We know that tech companies cooperated with a secret government surveillance program, that Uber employees have searched for specific passengers’ travel information, and that information is frequently stolen and leaked online (including potentially embarrassing personal details). But somehow, still, hundreds of thousands of people are creating transcripts of their deepest secrets and inner turmoil through online therapy apps.
Unsurprisingly, potential privacy issues have emerged.
In a detailed report that exposes ethical gray areas and possible worker misclassification issues at Talkspace—which matches clients with therapists for unlimited text-, video-, or audio-message exchanges for $32 per week—Cat Ferguson, a reporter at the Verge, also found a lack of clarity about how company employees access discussions between therapists and clients.
Talkspace, which on its website claims to have 300,000 active users, reportedly sent emails reprimanding several therapists who told their clients that they would stop working for the service and offered them the option to switch to a new service. “As for how Talkspace found out about the therapists telling clients they’d leave,” Ferguson writes, “it is not clear who can read patient conversations or when.” Ferguson reports that the company updated its terms of service in October to mention that Talkspace employees may read sessions during certain circumstances, including “quality assurance.” Here’s what it says:
Talkspace’s Clinical Oversight Personnel will, as needed, review particular Client “Session Transcripts” or “Rooms” for the following purposes:
During on boarding of Client and during Therapist matching process to ascertain Client is able to successfully engage with Therapist.
To review a Client complaint about a particular issue/instance that Client reported about Therapist.
For Client Safety Concerns or complaints of Unethical Therapist.
To transition Client to a new Therapist.
For a quality assurance concern of Client.
Talkspace published a statement calling the Verge’s claims that employees can read messages sent between therapists and clients “misleading.” It reiterated that employees only access messages in specific circumstances, and in the case of accessing accounts for “quality assurance” purposes, customer service representatives only see timestamps and not content of conversations.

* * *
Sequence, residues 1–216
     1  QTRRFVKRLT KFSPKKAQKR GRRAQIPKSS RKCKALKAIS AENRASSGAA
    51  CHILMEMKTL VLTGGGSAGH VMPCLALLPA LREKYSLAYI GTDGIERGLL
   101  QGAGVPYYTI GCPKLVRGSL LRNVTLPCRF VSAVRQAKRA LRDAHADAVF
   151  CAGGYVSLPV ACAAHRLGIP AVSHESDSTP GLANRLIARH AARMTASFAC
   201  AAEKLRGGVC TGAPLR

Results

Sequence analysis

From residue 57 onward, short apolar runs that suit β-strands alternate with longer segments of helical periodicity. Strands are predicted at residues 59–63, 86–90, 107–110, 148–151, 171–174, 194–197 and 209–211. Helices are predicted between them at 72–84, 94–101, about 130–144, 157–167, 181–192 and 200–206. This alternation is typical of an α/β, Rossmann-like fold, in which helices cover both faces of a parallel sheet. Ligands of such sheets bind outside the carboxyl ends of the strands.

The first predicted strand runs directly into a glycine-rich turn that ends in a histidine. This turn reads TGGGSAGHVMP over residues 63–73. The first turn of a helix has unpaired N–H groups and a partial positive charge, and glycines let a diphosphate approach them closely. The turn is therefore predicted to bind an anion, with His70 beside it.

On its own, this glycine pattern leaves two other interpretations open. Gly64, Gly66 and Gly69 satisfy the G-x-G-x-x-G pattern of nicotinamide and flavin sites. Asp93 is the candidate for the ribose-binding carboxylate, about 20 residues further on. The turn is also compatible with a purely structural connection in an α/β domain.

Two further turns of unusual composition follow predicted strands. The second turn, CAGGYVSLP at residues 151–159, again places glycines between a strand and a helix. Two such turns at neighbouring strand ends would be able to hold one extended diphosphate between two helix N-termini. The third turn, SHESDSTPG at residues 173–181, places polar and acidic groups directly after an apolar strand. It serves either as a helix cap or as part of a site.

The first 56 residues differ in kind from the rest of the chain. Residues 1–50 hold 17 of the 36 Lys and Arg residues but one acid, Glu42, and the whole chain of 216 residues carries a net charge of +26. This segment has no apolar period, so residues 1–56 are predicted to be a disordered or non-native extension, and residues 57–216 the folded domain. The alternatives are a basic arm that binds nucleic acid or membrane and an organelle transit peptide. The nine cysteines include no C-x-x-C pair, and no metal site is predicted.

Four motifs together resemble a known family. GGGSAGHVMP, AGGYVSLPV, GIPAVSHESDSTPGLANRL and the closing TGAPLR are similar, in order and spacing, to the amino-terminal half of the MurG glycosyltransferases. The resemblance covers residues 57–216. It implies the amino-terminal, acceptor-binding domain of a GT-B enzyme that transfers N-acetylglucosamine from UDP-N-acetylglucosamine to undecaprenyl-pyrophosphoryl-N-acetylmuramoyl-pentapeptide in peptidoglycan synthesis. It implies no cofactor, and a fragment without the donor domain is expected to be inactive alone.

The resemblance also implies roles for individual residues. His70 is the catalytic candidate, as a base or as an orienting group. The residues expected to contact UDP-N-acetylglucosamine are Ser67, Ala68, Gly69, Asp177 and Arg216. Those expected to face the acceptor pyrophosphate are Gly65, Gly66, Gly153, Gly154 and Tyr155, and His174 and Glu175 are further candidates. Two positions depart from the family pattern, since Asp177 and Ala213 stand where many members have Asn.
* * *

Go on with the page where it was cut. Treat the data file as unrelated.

Health privacy laws require health providers to put procedures in place such as encryption to limit who can view and access individually identifiable health information. They do allow health operators to access health information without notice for reasons including “quality assessment and improvement activities, including case management and care coordination” and “competency assurance activities,” but psychotherapy notes are treated specially under the laws. According to the Department of Health and Human Services website, “with few exceptions, the Privacy Rule requires a covered entity to obtain a patient’s authorization prior to a disclosure of psychotherapy notes for any reason.”
But apps like Talkspace don’t necessarily fall under these laws, because they are neither hospitals nor insurance companies, according to Jason Wang, the CEO and founder of a HIPAA-compliant database called TrueVault that stores patient data for health and fitness apps. “Talkspace merely connects their users with independent therapists, and provides the necessary apps and tools for the two sides to communicate,” he says. “This definitely puts Talkspace outside of the Privacy Rule mandates.”
The Session Content is shared with the Provider(s) that work with you. The Session Content may be used, either by itself or in conjunction with other information, for the following purposes:
Let a Provider provide the service to you.
Supervise, administer and monitor the service.
Allow professional supervision to the Provider by qualified professionals.
Breakthrough, an online therapy service offered by virtual care provider MDlive, sets up live video sessions with clients rather than using Talkspace’s system of asynchronous message exchanges. It notes in its terms of service that counseling sessions “are not recorded,” though messages between clients and therapists (which the service’s website encourages patients to use when describing their problems with prospective therapists), “may be monitored for quality assurance, training and other purposes.”
BetterHelp and Breakthrough did not immediately respond to requests for comment.